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Doctoral thesis
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Understanding tyrosine kinase domain plasticity through identification of protein residues involved in the control of the conformational transition

ContributorsBoubeva, Ralitza
Defense date2011-03-30
Abstract

The aim of this thesis consisted in the identification of key amino acids residues governing the transition from active to inactive protein kinase domain conformation. We used the kinase domain of c-Src as a case study because of the wealth of structural information on this protein. We could demonstrate that residues governing the kinase domain dynamics of c-Src are located far from the ATP-binding site and form a network of hydrophobic interactions at the interface between the N-lobe and the C-lobe of the kinase domain. The identified amino acids and in particular Leu317 dictate the conformational plasticity of the kinase domain by influencing the rate of the DFG-flip. Furthermore, we could provide experimental evidence that the DFG-flip is the most probable molecular mechanism for the release of ADP at the end of the catalytic cycle and that both DFG-in and DFG-out conformations are present within the catalytic cycle of c-Src.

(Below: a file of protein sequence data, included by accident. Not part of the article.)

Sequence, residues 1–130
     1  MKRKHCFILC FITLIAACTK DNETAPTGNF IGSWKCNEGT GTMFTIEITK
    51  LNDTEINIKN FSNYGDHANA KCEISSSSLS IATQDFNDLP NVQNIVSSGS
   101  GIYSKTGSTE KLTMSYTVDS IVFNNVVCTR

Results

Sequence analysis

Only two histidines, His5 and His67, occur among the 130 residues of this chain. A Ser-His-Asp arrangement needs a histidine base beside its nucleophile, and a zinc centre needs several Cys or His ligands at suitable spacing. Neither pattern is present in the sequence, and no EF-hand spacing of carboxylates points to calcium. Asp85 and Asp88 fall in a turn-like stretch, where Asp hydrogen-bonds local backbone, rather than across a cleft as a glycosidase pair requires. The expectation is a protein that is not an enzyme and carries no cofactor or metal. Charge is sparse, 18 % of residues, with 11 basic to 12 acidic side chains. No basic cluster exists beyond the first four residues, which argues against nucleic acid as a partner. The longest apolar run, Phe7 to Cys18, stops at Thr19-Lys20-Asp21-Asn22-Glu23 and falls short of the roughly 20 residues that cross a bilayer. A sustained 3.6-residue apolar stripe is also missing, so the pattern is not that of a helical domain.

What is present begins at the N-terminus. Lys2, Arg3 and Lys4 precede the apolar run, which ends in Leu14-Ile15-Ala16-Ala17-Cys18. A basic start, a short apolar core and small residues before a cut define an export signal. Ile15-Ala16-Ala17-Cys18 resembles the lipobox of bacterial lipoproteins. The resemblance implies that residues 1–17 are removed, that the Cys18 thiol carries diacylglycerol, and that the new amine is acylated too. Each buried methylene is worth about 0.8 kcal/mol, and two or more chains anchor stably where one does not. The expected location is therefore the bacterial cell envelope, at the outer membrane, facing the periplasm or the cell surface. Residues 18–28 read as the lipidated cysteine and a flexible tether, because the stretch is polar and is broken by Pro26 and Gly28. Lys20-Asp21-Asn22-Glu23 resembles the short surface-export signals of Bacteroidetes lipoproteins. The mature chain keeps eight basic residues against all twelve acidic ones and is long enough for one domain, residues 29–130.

eng
Keywords
  • Tyrosine kinase
  • Conformational plasticity
  • C-Src
  • DFG-flip
Citation (ISO format)
BOUBEVA, Ralitza. Understanding tyrosine kinase domain plasticity through identification of protein residues involved in the control of the conformational transition. 2011. doi: 10.13097/archive-ouverte/unige:17314
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Technical informations

Creation10/19/2011 11:36:00 AM
First validation10/19/2011 11:36:00 AM
Update time03/14/2023 5:03:48 PM
Status update03/14/2023 5:03:48 PM
Last indexation01/29/2024 7:16:07 PM
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